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Active Galactic Nuclei

The types of galaxies in Figure 05-01b and c seems to be a good classification scheme for the nearby galaxies. However, there are other kinds of galaxies, which do not fit into such category. They seem to represent the galaxies in another phase of evolution. These special objects include Seyfert galaxies, radio galaxies, quasars and extremely red objects (ERO) in a rough order of ascending redshift (distance). Thanks to systematic surveys, the latest (2007) catalogs contain more than 13,000 quasars - a number that could eventually reach 100,000.

Black Hole in Galaxy By 2007, it is recognized that most galaxies other than dwarfs have central black holes. The idea is that black hole "seeds" either attracted matter into forming galaxies or formed within young galaxies in the early universe. This action produced quasars and explains why most quasars are extremely distant. As the black hole acquired more and more matter from galaxies' centers, the fuel became exhausted, so they slowly quieted down. Most galaxies in the recent universe have slumbering giants in their centers. They can be re-activated when interact with other galaxies, starbursts, or gas clouds falling into the central region. This scenario explains active galactic nucleus (AGN) in the nearby universe. Study of such galaxies reveals that the more massive a galaxy's central bulge, the more massive its black hole. Figure 05-01e shows two deep field galaxies in both optical and infrared. The black holes are displayed prominently in the infrared images.

Figure 05-01e Black Hole in Galaxy [view large image]

Views of AGN An Unified View of AGNs Figure 05-01f presents a unified view of the AGN. The basic ingredient consists of a central black hole surrounded by a dusty disk. The kind sporting a jet or two usually associates with strong radio emission; it includes quasar, and radio galaxy. While QSO and Seyfert galaxy belong to the radio quiet kind. Energy consumed by the jet and various forms of radiations is extracted from the in-falling gas cloud and the dusty torus - ultimately it is converted from the gravitational potential and angular momentum. The same kind of object presents a different aspect depending on the viewing angle of the observer. Figure 05-01g is an updated version of the AGN. It adds an accretion disk in between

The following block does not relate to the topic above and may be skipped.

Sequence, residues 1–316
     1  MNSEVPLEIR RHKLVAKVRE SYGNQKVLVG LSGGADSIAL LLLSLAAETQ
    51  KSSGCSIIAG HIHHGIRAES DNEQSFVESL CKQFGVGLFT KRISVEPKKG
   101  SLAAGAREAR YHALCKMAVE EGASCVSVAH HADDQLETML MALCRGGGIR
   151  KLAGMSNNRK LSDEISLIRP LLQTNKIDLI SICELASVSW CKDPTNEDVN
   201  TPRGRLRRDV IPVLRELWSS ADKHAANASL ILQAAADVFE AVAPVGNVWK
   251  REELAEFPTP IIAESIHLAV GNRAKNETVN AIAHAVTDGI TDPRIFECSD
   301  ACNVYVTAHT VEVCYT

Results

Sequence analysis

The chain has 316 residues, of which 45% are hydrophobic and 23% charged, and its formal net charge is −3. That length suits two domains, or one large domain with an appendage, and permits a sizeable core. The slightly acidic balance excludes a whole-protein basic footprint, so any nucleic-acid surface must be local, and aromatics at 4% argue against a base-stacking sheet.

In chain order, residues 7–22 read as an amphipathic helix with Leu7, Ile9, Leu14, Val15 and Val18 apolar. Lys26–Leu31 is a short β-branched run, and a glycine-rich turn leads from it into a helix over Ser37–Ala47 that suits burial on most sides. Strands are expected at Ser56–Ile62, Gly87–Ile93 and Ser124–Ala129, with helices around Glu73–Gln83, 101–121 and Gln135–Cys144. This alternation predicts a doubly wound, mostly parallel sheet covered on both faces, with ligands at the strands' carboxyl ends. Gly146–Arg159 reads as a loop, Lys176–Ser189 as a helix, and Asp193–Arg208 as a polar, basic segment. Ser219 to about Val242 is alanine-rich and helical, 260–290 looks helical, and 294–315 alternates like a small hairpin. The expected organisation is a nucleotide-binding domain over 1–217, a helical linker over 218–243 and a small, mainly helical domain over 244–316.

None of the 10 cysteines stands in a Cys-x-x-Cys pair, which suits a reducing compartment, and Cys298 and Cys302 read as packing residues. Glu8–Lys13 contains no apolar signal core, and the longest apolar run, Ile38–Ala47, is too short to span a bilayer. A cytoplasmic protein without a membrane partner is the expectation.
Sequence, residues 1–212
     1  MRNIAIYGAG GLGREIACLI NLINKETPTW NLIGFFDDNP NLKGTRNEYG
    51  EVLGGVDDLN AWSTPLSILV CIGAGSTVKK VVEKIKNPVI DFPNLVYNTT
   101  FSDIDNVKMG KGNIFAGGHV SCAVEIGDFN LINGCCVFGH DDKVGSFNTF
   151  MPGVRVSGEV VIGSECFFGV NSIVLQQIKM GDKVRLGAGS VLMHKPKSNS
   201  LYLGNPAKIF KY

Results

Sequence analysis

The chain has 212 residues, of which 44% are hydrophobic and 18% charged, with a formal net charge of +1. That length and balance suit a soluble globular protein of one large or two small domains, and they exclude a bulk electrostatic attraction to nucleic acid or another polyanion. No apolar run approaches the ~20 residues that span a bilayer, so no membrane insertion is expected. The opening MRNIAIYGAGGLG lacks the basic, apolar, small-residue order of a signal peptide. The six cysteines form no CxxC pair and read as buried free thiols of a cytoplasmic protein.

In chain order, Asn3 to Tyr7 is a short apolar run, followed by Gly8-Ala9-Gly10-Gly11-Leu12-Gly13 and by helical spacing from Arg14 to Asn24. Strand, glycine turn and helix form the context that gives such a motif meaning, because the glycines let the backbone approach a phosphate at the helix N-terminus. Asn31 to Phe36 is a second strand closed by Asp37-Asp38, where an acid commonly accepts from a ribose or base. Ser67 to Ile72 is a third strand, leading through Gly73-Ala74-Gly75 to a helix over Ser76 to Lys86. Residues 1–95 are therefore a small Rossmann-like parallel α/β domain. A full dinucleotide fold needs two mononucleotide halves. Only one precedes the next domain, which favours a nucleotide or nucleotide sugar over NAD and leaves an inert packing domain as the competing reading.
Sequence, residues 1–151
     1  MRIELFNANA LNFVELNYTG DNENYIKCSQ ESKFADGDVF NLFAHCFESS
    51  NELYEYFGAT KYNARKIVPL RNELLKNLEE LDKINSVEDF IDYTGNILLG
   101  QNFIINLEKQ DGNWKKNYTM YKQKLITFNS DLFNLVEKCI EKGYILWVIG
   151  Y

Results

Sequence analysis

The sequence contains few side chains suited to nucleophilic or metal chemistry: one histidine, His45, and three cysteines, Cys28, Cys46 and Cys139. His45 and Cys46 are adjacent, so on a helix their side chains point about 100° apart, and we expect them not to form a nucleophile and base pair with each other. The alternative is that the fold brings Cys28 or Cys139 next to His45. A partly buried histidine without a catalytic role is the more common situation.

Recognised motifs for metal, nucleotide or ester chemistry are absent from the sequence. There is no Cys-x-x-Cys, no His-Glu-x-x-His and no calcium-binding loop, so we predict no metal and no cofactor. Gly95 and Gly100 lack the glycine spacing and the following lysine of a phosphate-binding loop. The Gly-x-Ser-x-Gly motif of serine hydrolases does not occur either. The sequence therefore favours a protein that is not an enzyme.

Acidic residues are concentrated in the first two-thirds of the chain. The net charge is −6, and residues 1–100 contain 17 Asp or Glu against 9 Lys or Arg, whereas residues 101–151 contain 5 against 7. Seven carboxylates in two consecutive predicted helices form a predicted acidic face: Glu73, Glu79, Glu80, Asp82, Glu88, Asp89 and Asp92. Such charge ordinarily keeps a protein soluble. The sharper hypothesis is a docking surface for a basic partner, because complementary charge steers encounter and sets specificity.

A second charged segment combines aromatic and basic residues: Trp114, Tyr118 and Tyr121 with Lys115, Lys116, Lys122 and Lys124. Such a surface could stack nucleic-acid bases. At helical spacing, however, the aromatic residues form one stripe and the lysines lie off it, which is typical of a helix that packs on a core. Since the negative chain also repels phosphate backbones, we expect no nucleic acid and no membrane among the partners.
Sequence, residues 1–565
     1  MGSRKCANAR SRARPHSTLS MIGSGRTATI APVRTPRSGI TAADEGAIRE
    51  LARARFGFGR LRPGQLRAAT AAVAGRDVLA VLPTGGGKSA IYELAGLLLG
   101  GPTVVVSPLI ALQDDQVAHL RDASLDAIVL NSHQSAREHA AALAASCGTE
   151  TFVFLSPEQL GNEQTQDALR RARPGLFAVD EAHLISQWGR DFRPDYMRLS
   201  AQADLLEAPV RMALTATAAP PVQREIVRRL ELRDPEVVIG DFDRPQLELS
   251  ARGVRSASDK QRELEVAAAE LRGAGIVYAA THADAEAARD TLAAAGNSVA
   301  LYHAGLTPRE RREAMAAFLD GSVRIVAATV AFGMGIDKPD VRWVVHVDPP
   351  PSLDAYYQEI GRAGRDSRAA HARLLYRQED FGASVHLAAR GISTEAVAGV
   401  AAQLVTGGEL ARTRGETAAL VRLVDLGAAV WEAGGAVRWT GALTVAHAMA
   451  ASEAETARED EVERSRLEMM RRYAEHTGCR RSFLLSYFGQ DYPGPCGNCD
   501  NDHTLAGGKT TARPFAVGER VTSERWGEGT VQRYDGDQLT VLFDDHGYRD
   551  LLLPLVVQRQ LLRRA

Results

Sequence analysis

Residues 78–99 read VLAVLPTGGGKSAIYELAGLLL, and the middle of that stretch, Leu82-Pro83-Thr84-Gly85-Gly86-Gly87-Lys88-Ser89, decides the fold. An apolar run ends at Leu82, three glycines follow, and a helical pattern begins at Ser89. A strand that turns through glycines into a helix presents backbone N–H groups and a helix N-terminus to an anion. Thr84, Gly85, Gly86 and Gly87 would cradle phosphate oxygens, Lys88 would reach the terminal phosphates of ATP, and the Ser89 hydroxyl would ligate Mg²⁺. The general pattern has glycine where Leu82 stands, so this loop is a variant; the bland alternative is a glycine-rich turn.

Figure 05-01f An Unified View of AGN

Figure 05-01g Another Unified View of AGN
[view large image]

the dust torus and the black hole and classifies the Seyfert galaxies into two types (see Figure 05-01g). While the EROs (Extremely Red Objects) are these kinds of objects further away in the early universe.

See an "Introduction to Active Galaxies".

A 2010 report reveals that the Fermi gamma-ray observatory has detected in 3C279 (a blazar as shown in Figure 05-01h) a giant
Jet from 3C279 gamma-ray flare lasting for about 20 days. What is unique about this observation is that the degree and direction of visible-light polarization also changed drastically during the same period. It indicates that the gamma-ray and visible-light regions are connected probably at the same location. The changing polarization could be related to a blob of gas flowing around a bend in the jet. Combining the speed of the jet with the duration of the flare provides an estimate of the size of the emitting region in the jet and thus an estimate of the distance of the emission region from the black hole. It is

Figure 05-01h Blob in Jet from 3C279

found to be probably more than 105 the radius of the black hole. This is much more than the tens of radius predicted by some models, and suggests that the region is not intimately associated with the innermost regions of the accretion disk.

X-ray AGN An international team of astronomers using NASA's Swift satellite and the Japanese/United States Suzaku X-ray observatory has discovered a new class of active galactic nuclei (AGN) in 2007. These objects are so heavily shrouded in gas and dust that virtually no light gets out. Only the high-energy X-rays can punch through such thick layer. These objects comprise about 20 percent of point sources in the X-ray background, a glow of X-ray radiation that pervades our Universe. It implies that there must be a large number of yet unrecognized obscured AGNs in the local universe. By missing this new class, previous AGN surveys were heavily biased, and thus gave an incomplete picture of how supermassive black holes and their host galaxies have evolved over cosmic history. Figure 05-01i is an artist's illustration of the X-ray AGN.

Figure 05-01i X-ray AGN [view large image]

See an animation on traveling to an AGN by NASA's GSFC.

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